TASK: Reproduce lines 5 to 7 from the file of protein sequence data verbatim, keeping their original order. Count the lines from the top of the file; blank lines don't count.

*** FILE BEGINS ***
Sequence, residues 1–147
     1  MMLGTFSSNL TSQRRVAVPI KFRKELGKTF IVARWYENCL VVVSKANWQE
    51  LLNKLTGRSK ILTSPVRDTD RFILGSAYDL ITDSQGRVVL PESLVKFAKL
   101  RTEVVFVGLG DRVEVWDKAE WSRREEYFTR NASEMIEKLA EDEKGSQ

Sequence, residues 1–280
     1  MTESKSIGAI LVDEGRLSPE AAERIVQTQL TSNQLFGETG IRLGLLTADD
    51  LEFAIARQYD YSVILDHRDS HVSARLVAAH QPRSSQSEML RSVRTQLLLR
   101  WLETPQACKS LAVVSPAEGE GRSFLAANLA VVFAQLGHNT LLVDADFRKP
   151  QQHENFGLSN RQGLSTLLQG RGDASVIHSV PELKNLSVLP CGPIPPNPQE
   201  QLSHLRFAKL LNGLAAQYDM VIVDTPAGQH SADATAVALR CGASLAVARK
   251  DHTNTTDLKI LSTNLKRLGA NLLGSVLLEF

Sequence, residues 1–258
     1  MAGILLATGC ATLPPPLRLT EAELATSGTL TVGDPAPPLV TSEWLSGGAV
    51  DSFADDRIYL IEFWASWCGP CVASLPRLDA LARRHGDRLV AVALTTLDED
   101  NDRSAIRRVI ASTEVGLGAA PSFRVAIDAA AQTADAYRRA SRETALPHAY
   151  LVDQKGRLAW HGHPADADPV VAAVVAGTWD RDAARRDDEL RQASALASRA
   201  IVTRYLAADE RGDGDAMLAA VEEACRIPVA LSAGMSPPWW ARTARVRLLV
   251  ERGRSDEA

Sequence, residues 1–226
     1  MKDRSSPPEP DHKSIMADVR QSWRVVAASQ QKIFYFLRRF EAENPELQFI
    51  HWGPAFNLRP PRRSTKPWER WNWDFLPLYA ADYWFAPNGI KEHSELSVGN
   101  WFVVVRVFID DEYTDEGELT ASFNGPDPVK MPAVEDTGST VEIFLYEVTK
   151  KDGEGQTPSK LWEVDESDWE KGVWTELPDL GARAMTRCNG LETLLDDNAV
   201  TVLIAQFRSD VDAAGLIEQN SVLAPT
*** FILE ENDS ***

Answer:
Sequence, residues 1–280
     1  MTESKSIGAI LVDEGRLSPE AAERIVQTQL TSNQLFGETG IRLGLLTADD
    51  LEFAIARQYD YSVILDHRDS HVSARLVAAH QPRSSQSEML RSVRTQLLLR